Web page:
The learning of the demand/operation (plan) information in 902 involves the date such as year, month and day, weather, temperature, events, number of people involved, and information about employee attendance or holidays, in association with information about the day's electric power/steam demands or operation (plan). By thus learning about the electric power/steam demands or operation (plan), the system (and finally, the operator) grows to be able to predict appropriate demands when, for example, there are periodical fluctuations in demand. Accordingly, the system is capable of dealing with fluctuations in accordance with the seasons or business climate. Further, by learning operation (plan), the accuracy of machine- (and finally, operator-) based operation plans can be enhanced.
The operator can monitor the cogenerator and modify (control) the cogenerator operation plan as required in 901 in light of the demand situations. In this connection,
Hereafter, an example of the learning of demand/operation (plan) information in 902 will be described.
Preferably, if Saturday and Sunday are holidays (such as at factories or schools), the electric power/steam demand prediction and the data learning for demand prediction may be carried out on the basis of the days of the week grouped into Monday, Tuesday through Friday, Saturday, and Sunday. This way, more accurate predictions can be made and less memory or data space is required than when the prediction is made on the basis of each day of the week.
In the present invention, the days of the week are grouped into a weekday (Monday), weekdays (Tuesday through Friday), Saturday, and Sunday. This is because the electric power/steam demands differ among the first day of the week, the following weekdays, the first holiday, and the last holiday. The days of the week, however, may preferably be grouped depending on the type of business. For example, if the number of users is larger on holidays, such as at hotels, or the number of customers is concentrated on a specific bargain day at a department store, the days of the week should be grouped accordingly. Further preferably, the parameters used for learning may be varied according to the type of business, so that an accurate demand prediction and operation plan can be made.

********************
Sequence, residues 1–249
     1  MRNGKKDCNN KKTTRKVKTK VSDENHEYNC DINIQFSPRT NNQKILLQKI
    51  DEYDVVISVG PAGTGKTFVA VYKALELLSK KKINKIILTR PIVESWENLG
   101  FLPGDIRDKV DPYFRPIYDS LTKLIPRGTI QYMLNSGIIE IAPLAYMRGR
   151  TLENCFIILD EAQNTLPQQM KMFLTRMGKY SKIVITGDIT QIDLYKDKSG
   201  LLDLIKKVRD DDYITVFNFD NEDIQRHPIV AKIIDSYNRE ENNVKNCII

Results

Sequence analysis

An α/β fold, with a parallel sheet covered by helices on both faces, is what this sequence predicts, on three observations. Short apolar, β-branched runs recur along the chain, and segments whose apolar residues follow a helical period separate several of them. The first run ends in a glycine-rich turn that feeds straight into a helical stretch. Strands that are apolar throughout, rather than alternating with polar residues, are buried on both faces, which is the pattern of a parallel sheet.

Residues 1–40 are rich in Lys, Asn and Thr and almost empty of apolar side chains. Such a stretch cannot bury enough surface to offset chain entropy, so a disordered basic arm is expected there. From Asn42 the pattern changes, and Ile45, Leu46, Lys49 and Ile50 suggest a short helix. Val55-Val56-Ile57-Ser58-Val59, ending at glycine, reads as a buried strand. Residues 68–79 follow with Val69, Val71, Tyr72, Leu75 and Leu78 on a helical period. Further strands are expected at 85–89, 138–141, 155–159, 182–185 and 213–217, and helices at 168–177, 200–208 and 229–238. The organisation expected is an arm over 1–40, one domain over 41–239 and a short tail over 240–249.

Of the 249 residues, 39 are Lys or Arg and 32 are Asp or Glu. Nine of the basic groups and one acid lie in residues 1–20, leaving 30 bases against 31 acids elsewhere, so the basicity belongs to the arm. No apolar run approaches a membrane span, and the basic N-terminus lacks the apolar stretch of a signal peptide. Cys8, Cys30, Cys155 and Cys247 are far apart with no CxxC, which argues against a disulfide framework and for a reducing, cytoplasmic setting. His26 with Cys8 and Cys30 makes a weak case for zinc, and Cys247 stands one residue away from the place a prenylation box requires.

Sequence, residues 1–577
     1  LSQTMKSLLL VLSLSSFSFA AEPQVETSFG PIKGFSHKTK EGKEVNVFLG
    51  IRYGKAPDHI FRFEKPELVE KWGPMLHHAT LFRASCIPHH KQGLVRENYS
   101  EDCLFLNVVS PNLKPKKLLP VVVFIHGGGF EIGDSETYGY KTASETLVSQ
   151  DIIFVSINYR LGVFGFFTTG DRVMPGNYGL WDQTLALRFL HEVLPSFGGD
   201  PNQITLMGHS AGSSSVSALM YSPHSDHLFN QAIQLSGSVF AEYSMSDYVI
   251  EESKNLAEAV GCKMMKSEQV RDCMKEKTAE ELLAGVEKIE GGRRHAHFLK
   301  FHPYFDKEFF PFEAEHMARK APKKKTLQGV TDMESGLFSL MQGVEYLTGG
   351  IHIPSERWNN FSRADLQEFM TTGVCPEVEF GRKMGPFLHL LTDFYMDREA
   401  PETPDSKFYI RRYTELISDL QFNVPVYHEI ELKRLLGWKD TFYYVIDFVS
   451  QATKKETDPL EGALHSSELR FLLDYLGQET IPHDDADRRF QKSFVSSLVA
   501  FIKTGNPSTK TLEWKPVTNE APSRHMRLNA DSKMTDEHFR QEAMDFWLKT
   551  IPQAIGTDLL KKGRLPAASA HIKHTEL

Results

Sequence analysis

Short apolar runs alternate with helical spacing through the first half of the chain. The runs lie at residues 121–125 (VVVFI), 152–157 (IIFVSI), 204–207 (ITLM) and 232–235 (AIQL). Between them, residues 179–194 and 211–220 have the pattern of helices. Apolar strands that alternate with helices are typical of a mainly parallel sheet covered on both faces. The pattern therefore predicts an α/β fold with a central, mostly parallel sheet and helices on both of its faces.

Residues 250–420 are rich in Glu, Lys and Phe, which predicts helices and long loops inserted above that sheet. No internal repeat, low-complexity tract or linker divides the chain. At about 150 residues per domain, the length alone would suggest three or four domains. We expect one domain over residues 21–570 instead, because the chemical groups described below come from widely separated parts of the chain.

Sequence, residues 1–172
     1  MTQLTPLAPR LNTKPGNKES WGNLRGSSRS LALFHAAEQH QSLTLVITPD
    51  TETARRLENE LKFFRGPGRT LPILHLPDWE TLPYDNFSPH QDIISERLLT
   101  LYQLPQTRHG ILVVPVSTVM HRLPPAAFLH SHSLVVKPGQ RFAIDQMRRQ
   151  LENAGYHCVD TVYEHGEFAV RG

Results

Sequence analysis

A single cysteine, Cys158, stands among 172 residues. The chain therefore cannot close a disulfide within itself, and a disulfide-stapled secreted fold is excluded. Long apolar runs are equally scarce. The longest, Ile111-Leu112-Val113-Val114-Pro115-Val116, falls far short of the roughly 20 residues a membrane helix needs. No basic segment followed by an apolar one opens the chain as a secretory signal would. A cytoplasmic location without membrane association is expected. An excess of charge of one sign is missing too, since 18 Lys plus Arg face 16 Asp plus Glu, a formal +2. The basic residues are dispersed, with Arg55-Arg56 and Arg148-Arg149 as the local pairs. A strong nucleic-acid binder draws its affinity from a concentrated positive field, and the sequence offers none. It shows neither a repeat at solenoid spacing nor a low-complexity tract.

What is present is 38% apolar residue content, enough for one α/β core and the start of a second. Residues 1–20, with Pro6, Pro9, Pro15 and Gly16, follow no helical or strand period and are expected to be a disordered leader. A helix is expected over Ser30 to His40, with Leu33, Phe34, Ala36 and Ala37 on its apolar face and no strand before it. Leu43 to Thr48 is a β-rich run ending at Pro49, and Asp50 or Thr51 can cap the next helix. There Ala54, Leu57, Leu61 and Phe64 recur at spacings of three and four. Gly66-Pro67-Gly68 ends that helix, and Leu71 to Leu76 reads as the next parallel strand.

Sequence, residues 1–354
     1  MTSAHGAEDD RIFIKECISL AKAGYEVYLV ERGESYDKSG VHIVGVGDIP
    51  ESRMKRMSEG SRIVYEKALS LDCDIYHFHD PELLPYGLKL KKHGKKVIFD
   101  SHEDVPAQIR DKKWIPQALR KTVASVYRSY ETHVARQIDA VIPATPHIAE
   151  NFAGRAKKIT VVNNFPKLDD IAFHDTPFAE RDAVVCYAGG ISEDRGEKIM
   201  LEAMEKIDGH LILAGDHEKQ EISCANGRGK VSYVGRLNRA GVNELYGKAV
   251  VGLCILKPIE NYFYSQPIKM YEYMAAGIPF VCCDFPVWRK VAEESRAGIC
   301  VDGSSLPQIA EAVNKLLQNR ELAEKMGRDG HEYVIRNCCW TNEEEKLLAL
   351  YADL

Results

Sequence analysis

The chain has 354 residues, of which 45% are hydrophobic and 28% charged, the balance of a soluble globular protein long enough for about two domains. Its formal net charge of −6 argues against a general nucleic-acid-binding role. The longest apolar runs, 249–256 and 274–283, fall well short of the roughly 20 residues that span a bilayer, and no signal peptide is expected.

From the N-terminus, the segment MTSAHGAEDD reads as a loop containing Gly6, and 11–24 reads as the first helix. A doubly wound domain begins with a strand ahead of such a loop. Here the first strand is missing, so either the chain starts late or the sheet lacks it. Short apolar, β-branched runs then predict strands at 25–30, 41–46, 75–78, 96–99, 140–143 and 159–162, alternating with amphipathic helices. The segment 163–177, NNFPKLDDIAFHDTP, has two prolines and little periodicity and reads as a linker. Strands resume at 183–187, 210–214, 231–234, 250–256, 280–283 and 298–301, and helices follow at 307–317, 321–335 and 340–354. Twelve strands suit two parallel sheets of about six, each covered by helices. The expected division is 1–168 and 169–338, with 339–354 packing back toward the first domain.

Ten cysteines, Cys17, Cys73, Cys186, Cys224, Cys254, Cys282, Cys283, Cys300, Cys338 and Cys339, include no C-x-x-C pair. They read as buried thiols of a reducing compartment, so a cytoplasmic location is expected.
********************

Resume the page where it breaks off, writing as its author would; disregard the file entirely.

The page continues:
While the invention has been described by way of embodiments relating to cogenerator operation assistance, the invention can be similarly applied to other systems such as an energy management system for assisting building management for energy-saving purposes, or systems in which a final plan is determined based on computer-based results and human (operator) senses, thereby assisting operators.
While the above-described embodiments relate to operation assisting systems, a computer program for implementing the above-described processes may be installed on a computer.
Thus, in accordance with the invention, the operator can combine his or her operation know-how and machine-based cost-minimizing operation plan to achieve cost-saving operation while flexibly coping with demand fluctuations. Further, by evaluating the operator's contribution to energy-saving efforts, his or her willingness to do more to save energy can be enhanced.